Guy Kicked Off Comcast For Using Too Many Cloud Services

from the why-broadband-caps-suck dept

One of the key concerns we've had about the rise of broadband caps is that they don't take into account the fact that more and more data and services are moving online. When companies put in place data caps -- such as Comcasts' 250 gigs or AT&T's 150 gigs, they always highlight how this really only impacts a tiny percentage of users. But, the truth is that as more things go online, and more data is moved to "the cloud," it's really not that hard to bump up against these caps... and apparently the penalties are harsh. Andre Vrignaud lost his Comcast account for going over 250 GB two months in a row, mainly from using various legal online services, including Pandora and Netflix. He had also switched to a new online backup service, and the initial upload used up a bunch of bandwidth. He did admit to downloading a few things via BitTorrent (a UK show not available in the US), but it seems clear that most of his internet usage was perfectly legitimate. And now he has no account, and Comcast won't let him back on for a year. They won't even let him buy a more expensive package.

Yes, his data usage may have been extreme, but these kinds of services are becoming more common, and as we start to see even more new services, there are going to be a lot more stories of people bumping up against these caps. The truth is that the ISPs could upgrade their networks to handle this traffic. And it's not even that hard to do so. But with these caps they don't have to move as fast, and can slow down improving things -- which is what Wall Street likes. It just sucks if you're someone who, you know, actually wants to use the internet for what it enables.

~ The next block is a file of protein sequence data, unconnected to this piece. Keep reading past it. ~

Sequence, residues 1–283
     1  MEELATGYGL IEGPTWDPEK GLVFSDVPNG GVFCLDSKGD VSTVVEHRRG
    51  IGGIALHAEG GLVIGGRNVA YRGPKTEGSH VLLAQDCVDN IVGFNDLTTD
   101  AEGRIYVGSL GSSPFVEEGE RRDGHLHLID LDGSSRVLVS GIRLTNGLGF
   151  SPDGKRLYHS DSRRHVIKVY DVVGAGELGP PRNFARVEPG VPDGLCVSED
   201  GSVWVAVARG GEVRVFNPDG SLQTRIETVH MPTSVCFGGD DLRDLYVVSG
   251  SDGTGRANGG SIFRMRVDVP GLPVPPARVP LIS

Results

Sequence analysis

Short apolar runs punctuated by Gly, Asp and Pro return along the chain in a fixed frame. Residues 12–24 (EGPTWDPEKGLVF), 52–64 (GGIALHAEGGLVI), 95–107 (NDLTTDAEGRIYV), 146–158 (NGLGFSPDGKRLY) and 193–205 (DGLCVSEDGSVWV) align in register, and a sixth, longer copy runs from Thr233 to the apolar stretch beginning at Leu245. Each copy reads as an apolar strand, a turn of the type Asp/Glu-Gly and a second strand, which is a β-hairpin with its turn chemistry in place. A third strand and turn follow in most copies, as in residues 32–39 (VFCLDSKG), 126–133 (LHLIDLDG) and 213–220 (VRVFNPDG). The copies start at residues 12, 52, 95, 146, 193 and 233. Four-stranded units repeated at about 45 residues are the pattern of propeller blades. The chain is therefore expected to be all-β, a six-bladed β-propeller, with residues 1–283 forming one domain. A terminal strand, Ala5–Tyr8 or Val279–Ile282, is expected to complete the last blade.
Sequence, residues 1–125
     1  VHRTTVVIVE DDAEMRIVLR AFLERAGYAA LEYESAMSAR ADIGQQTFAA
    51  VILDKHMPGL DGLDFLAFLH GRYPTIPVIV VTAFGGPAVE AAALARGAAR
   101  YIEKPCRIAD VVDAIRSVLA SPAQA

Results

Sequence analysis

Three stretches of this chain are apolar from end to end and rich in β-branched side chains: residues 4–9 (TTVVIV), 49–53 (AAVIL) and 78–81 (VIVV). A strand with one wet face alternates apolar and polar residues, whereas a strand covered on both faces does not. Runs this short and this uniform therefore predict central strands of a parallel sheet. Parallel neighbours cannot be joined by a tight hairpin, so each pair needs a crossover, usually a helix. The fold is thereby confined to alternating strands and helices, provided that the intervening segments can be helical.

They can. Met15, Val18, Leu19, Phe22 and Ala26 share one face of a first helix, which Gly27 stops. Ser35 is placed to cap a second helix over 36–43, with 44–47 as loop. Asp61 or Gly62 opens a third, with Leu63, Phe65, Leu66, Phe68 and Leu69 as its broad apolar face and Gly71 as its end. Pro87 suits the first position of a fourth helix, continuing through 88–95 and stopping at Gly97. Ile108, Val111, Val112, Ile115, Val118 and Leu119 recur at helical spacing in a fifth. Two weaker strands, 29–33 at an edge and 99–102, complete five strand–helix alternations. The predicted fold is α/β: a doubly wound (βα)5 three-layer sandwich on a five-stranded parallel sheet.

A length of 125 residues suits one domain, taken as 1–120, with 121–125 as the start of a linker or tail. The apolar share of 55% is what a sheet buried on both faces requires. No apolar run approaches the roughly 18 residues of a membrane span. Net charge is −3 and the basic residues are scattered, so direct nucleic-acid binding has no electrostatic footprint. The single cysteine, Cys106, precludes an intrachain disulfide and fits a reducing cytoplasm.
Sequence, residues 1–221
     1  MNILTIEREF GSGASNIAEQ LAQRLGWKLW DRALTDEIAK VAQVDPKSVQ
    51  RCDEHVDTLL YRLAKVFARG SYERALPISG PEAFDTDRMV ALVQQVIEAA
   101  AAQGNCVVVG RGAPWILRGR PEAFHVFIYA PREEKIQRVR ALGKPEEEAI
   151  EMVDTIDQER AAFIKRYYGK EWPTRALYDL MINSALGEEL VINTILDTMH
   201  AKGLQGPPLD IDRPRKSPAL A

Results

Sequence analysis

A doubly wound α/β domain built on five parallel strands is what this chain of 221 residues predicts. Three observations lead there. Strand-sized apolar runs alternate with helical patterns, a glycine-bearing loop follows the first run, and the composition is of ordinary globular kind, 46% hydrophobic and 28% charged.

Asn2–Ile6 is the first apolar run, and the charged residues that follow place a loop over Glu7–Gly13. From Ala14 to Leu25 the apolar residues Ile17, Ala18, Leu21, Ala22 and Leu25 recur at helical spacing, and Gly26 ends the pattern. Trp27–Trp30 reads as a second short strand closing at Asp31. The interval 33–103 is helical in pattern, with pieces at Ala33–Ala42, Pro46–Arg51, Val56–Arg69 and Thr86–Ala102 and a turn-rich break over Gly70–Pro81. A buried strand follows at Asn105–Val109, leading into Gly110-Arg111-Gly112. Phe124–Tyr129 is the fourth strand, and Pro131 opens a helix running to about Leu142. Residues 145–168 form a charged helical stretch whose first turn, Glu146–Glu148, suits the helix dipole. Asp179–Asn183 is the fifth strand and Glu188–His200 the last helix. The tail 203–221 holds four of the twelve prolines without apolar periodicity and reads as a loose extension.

Filed Under: broadband cap, cloud
Companies: comcast

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  1. icon
    Chargone (profile), 15 Jul 2011 @ 7:04am

    Re: Re: Re: Re: Mike, how DO you reconcile your demands that

    ... this baffles me.

    i mean, i know lots of people use this much data.

    i even know what services are involved in using it.

    i still wonder how on earth it comes about that they use that much.

    if i stop and do the maths it all works out, but at the same time i'm sitting here going 'you used How much? what the heck?!'

    i have a 20gig cap that i share with 2 other people (one of whom is admittedly only here half the time and the other doesn't use much, but still), get charged extra if i go over, (the concern here is usual price and cap, not speed, as the speeds are fairly consistant unless you pay crazy amounts for the 'amazingly awesome!' plan.) and almost never go over. when i do, it's by less than two gig (data cap extentions are bought in 2gig blocks.) only exception being if i'm stupid enough to get conned into downloading a game off sony or microsoft's networks for the consoles. whatever moron is in charge of that needs to be forcibly introduced to the concept of Compression. also INSTALL FILES. if i'm downloading it, it has to be installed on the hard drive. meaning you can compress it, send it, then run an decompress/install process. there is No Bloody Reason for it to be a seven gig download. (this cost me money i was not expecting to pay and has thus become a pet rant.)

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